Thursday, May 12, 2016
A recent linking of ERS’s loss-adjusted food availability data with intake surveys from 1994-2008 reveals that American children are doing a better job of cutting down on sugary beverages and other sweetened foods than adults are. In 1994-98, children ages 2 to 19 consumed 94.0 pounds per person per year of caloric sweeteners compared with 81.4 pounds consumed by adults. Over the next decade, per-capita consumption of caloric sweeteners by children fell to 77.4 pounds per year, while adults’ consumption rose before returning to 1994-98 levels. Caloric sweeteners include cane and beet sugar, high fructose corn sweeteners, glucose, dextrose, honey, and edible syrups—common ingredients in sweetened beverages, baked goods, spaghetti sauces, ketchups, and a host of other processed foods. Over 1994-2008, consumption of sweeteners declined across all income and race/ethnicity groups, with Hispanics and other races/ethnicities consuming less caloric sweeteners than non-Hispanic Whites and non-Hispanic Blacks. The data for this chart and similar information on 62 other food commodities can be found in the ERS report, U.S. Food Commodity Consumption Broken Down by Demographics, 1994-2008, March 2016.
Tuesday, February 23, 2016
Domestic deliveries of sugar and high-fructose corn syrup in Mexico—a useful indicator of human consumption—rebounded in the most recent marketing year (October/September) after declining about 6.5 percent the previous year. In January 2014, Mexico imposed a tax of one peso per liter on soft drinks in an effort to curb obesity by reducing consumption, and this is believed to be at least partially behind the reduction in sweetener deliveries observed during the 2013/14 marketing year. From October 2014 through September 2015, sweetener use by Mexican food processors returned to levels equivalent to just before the tax was imposed. Food consumption patterns change slowly and reflect many factors, so time and additional research is needed to fully understand the effect of Mexico’s soft-drink tax. This chart is based on the February 2016 Sugar and Sweeteners Outlook.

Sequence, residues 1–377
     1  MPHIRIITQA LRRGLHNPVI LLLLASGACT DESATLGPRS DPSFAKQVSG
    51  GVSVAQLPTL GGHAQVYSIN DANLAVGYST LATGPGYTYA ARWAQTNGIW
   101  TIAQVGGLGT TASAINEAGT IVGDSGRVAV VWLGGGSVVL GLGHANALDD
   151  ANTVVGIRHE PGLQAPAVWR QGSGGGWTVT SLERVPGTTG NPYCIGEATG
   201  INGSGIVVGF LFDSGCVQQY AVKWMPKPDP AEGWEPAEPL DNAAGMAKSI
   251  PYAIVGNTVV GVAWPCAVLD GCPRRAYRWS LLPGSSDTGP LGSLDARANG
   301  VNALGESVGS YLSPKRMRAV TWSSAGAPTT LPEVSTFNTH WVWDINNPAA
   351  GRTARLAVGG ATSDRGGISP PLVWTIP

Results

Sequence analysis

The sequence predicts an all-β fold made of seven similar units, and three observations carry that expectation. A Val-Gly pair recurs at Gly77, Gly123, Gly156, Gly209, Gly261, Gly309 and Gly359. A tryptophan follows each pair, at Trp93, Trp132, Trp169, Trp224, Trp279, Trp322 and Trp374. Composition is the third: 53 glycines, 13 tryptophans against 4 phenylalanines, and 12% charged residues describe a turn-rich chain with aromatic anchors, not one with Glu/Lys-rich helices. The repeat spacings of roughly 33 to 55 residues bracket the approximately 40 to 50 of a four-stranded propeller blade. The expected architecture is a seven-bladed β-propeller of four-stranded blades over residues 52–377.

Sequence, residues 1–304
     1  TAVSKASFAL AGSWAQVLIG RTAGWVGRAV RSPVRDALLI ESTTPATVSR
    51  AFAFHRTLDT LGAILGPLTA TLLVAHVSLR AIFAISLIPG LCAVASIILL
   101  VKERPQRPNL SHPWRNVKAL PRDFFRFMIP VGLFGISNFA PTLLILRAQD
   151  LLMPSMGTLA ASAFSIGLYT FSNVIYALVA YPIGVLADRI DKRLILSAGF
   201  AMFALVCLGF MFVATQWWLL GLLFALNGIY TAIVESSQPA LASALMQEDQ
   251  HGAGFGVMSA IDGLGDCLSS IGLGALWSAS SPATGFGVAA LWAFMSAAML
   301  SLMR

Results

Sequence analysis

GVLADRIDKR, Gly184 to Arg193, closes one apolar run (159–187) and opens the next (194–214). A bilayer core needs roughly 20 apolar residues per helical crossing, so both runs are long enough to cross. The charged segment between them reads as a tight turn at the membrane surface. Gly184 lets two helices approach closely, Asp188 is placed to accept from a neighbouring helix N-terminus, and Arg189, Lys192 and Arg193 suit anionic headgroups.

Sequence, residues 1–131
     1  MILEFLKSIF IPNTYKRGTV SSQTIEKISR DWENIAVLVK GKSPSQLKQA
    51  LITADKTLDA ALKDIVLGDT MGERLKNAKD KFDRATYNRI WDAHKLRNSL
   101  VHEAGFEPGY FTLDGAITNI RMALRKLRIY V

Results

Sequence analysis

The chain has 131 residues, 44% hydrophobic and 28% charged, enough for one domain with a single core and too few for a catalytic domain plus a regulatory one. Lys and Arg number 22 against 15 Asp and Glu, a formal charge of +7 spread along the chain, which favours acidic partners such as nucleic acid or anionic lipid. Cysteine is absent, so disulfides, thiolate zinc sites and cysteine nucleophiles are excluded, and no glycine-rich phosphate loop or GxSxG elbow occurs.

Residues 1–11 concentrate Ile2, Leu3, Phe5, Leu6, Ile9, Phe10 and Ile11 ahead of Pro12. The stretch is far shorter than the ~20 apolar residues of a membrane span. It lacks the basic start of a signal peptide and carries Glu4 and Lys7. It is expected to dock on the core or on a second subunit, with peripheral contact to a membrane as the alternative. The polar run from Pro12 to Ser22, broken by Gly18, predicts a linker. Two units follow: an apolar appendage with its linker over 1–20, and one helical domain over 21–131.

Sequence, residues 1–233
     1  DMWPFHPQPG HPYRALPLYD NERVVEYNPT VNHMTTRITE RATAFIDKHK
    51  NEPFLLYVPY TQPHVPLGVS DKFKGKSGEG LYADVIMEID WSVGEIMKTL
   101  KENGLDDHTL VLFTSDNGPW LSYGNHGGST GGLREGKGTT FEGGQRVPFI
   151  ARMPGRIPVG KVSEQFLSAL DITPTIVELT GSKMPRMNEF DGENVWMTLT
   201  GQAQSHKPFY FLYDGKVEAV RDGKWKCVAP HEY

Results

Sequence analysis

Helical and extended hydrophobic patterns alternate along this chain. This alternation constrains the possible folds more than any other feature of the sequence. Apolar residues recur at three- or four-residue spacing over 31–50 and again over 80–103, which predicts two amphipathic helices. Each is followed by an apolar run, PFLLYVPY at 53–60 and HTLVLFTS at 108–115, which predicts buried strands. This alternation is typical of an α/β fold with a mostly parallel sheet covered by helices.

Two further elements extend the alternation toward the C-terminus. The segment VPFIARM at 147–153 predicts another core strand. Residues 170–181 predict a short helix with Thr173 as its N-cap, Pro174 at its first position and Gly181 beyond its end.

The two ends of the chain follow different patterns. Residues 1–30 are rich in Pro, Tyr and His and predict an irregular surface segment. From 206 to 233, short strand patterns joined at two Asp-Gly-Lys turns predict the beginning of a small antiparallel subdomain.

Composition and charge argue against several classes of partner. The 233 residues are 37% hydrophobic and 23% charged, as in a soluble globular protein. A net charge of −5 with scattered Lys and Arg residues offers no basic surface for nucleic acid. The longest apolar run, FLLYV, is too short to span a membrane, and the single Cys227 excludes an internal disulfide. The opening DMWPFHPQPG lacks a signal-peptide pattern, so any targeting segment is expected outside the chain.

Monday, February 1, 2016
Domestic use of high-fructose corn syrup (HFCS) declined 0.8 percent in the 2014/15 fiscal year (October 1-September 30) to 7.2 million short tons, continuing a decade-long decline. Since 2004/05, domestic use has fallen by 19.1 percent, and it is down 21.8 percent since its peak in 2001/01. Production is trending lower as well, but by a smaller magnitude: 2014/15 production was 7.1 percent below 2004/05 levels and down 10.6 percent from its peak in 1999/2000. Several factors have contributed to this decline, including high corn prices, price competition with refined sugar and other caloric sweeteners, and changing preferences of consumers and food manufacturers. As domestic deliveries have fallen, HFCS exports have become an increasingly important segment of the market. In particular, exports to Mexico increased substantially beginning in 2009/10, shortly after the integration of U.S. and Mexican sweetener markets under NAFTA. This chart is based on the January 2016 Sugar and Sweeteners Outlook.
Friday, June 26, 2015
World raw sugar prices have fallen steadily since January 2011, and in May 2015 reached their lowest point since January 2009 due to growing production surpluses and the weakening Brazilian currency. U.S. raw sugar prices have also fallen relative to the record-high levels seen between 2010 and 2012, but have trended higher over the past year. Since the integration of U.S. and Mexican sweetener markets under NAFTA in 2008, U.S. and world prices had tracked more closely. However, those prices began diverging in March 2014 when the U.S. domestic sugar industry filed an anti-dumping and countervailing duty investigation against Mexican sugar imports, resulting in a December 2014 agreement that limits the volume of Mexican sugar entering the United States. With these new limitations on Mexican imports, the spread between U.S. and world prices has increased in recent months, though remains within ranges seen in recent years. This chart is based on the June 2015 Sugar and Sweeteners Outlook.